Jack Bracelin's Biography (Photos)
Jack L. Bracelin was an influential figure in the early history of the neopagan religion of Wicca, being a High Priest of Gardnerian Wicca who had been initiated into the craft by Doreen Valiente in 1956 and had been a member of the Bricket Wood coven.
Jack Bracelin ended up running the Five Acres Sun Club for Gardner. This was also where 'The Witches Cottage' was placed; a small hut that became the location for meetings of the Bricket Wood Coven. Jack is also attributed with being the writer of Gardner's biographer Gerald Gardner: Witch, though it was actually written by Idries Shah and was first published under Shah's own publishing label, Octagon Press.
Prior to being initiated into the craft, Bracelin had worked for the British police in Palestine and had later worked for a paint company.
In 1956, Bracelin was initiated into Wicca through the Bricket Wood coven by the High Priestess Doreen Valiente.
In 1959 Bracelin met the Sufi writer and practitioner Idries Shah at a table in the Cosmo Restaurant in Swiss Cottage, North London. Shah was interested in Wicca, and Bracelin introduced him to Gardner. Shah wrote Gardner's official biography, Gerald Gardner: Witch, which was published by his own company, Octagon Press, in 1960. However, he used Bracelin's name as a pseudonym because he did not want to cause confusion amongst his Sufi students and friends as to his interest in a different religion.
Bracelin was one of the beneficiaries of Gardner's estate at his death, along with Monique Wilson and Patricia Crowther. Bracelin himself inherited enough of the naturist club that he could take it over.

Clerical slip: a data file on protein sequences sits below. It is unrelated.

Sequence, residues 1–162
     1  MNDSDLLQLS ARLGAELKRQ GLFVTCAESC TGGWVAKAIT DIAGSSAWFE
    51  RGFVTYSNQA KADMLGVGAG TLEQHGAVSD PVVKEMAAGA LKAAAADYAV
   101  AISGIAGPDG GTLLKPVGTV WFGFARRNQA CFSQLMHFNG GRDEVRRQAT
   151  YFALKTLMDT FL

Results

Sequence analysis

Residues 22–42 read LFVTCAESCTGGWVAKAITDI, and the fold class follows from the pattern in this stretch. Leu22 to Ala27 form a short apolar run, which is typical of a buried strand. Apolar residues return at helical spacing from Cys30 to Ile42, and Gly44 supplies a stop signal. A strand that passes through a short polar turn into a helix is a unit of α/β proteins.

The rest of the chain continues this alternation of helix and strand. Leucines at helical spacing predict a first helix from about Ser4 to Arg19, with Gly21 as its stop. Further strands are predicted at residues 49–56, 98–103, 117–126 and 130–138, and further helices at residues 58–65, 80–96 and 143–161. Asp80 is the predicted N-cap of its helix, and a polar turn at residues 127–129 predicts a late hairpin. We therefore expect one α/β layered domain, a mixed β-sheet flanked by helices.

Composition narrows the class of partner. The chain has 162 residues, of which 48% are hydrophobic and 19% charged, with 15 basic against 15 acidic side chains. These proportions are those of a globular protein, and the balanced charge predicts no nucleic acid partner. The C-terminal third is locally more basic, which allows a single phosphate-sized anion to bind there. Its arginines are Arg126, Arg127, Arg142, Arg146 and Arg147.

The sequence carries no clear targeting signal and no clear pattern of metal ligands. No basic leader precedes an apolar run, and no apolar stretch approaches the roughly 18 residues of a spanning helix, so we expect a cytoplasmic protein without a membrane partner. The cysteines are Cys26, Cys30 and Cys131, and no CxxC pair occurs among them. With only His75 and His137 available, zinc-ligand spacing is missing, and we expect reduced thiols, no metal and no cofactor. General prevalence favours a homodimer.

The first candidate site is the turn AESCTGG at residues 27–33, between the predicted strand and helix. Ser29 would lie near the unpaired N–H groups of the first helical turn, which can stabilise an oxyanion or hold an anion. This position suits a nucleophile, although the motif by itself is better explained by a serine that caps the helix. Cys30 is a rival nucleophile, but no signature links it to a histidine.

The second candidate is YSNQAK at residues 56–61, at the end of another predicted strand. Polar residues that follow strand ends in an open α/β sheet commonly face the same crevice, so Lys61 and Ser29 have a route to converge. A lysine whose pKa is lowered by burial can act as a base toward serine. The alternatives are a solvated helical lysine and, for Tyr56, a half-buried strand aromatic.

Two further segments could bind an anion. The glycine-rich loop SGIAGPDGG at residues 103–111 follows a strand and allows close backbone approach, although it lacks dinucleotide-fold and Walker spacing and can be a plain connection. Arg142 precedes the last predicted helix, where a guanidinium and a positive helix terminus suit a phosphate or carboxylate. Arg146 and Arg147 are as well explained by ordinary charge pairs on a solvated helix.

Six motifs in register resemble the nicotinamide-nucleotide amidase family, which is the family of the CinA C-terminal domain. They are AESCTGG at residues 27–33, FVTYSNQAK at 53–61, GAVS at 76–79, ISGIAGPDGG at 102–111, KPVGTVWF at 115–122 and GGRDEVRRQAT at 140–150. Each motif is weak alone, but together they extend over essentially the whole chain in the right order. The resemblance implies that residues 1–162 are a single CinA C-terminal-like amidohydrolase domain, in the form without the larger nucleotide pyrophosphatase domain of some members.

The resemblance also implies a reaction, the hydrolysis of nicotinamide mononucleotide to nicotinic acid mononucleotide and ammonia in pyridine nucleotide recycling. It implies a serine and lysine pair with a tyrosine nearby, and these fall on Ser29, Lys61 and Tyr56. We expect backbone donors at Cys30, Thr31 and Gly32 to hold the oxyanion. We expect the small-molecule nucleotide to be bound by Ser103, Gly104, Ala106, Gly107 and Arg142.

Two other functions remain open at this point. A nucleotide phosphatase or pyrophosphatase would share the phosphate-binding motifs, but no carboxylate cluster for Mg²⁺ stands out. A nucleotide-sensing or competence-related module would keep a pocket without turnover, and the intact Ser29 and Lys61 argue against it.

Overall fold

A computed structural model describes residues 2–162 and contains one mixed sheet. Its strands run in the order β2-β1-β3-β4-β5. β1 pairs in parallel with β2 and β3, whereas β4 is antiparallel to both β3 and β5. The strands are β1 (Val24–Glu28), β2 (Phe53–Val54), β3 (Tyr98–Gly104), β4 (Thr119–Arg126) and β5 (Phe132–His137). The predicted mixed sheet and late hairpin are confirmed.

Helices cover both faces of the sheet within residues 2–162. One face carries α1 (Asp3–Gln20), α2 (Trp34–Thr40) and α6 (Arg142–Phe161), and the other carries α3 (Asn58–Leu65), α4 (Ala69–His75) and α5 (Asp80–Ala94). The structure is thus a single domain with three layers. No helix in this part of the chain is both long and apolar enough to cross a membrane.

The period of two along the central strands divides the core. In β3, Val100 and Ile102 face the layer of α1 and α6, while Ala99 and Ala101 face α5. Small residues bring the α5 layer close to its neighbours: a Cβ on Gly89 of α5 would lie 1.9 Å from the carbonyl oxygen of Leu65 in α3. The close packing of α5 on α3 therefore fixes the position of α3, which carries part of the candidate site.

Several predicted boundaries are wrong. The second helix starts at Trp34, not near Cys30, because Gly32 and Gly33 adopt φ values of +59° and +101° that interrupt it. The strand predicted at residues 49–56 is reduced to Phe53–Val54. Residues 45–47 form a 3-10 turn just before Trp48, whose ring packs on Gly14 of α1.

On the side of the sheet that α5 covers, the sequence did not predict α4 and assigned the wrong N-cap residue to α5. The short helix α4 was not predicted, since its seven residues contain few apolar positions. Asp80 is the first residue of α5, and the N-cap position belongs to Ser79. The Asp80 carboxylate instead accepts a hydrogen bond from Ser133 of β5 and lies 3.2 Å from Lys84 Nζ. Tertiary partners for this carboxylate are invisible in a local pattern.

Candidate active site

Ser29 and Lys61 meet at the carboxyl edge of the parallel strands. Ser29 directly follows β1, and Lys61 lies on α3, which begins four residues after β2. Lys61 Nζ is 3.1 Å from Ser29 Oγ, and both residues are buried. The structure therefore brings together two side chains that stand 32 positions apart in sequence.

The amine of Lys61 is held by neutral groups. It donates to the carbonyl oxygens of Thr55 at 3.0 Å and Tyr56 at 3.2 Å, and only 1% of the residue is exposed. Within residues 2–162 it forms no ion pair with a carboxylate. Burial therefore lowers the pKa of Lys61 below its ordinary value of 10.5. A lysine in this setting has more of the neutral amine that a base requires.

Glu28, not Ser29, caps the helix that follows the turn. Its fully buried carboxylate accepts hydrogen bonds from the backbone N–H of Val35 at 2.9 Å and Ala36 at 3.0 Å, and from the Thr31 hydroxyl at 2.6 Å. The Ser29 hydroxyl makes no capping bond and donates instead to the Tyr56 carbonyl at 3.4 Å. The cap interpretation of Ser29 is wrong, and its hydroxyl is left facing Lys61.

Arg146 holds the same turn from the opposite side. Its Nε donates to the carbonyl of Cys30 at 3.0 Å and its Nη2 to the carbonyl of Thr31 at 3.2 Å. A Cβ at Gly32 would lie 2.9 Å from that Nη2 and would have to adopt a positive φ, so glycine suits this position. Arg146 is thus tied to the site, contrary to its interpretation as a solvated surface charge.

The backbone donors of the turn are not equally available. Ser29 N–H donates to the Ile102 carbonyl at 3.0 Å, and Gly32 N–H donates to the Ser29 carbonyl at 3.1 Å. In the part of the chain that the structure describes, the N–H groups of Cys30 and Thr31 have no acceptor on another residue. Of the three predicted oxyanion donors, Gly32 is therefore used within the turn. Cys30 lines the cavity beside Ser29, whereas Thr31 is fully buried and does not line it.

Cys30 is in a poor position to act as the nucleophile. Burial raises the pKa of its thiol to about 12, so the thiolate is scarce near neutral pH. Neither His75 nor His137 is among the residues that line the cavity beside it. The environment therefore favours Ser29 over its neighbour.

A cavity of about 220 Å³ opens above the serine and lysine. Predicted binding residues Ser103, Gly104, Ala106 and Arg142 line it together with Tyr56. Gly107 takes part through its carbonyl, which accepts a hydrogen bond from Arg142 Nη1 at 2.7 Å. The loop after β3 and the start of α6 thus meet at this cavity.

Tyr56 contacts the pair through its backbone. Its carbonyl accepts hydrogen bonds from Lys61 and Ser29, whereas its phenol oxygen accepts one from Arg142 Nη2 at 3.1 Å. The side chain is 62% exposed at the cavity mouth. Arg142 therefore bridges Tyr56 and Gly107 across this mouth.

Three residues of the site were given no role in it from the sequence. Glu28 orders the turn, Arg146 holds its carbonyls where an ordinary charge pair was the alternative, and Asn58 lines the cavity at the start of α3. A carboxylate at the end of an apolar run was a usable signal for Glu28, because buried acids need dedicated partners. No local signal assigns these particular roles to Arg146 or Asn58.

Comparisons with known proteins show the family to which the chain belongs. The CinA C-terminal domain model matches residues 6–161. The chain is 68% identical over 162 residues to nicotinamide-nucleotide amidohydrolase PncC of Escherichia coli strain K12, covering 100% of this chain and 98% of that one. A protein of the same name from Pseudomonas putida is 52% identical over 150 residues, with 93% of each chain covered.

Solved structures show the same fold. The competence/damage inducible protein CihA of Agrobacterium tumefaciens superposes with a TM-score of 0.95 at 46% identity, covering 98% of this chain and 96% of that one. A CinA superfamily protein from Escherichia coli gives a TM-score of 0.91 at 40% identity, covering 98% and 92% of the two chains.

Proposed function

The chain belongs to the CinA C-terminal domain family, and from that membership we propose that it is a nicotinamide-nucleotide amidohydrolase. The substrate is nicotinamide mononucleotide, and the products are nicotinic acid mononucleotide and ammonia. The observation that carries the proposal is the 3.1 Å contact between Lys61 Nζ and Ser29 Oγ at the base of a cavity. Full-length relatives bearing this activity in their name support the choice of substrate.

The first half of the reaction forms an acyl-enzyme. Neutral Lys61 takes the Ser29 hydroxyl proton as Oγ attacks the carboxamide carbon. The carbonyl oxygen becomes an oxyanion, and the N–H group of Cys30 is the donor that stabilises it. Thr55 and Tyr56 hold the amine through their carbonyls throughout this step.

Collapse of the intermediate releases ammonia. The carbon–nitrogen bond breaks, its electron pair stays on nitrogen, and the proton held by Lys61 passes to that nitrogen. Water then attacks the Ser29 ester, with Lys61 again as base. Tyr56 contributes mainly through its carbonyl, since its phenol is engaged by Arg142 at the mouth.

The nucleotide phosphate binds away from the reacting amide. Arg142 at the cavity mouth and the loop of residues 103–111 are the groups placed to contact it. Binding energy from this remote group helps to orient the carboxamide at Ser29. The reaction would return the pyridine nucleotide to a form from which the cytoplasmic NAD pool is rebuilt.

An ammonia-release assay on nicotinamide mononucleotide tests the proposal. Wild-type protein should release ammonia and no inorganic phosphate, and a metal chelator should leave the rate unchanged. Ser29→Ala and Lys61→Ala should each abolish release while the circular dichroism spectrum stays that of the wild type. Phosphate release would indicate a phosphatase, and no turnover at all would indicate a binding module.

Bracelin later resigned from being the Bricket Wood coven's High Priest, and soon left the coven itself, because, according to coven member Frederic Lamond, "he asked himself whether the Book of Shadows' simplified ceremonial magic rituals expressed his own religious feelings, and concluded they did not". In 1966 he married a young woman in a ceremony held in a Roman Catholic church, which many members of the Wica felt showed that he had turned his back on the craft.
However, Bracelin continued to allow the coven to meet at the Witches' cottage, on the condition that they paid rent on the plot of land upon which it was situated. In 1975, Bracelin tried to get them to pay for the nudist club's electrictiy as well, which the coven members were unwilling to do, and so they sold their plot to another nudist.
Bracelin was a supporter of the hippie movement of the 1960s and 1970s, believing that it embodied the "life-affirming Goddess values" in its "true expression". Partially for this reason, he opened a disco in the West End of London, but it was a financial failure.
In June 1976, Bracelin, who was in financial failure, was forced to sell the nudist club, though the new owners agreed to pay Bracelin a small pension. Bracelin retired to live in Greece, and it was here that he died in 1983 of a heart attack.
Bracelin is survived by his son Leon Bracelin (1973) and Grandson Jacque Leon Talbot (1991)
Jack Bracelin Bibliography:
Lamond, Frederic R. (2004). Fifty Years of Wicca. Sutton Mallet, UK: Green Magic. ISBN 978-0-9547230-1-9.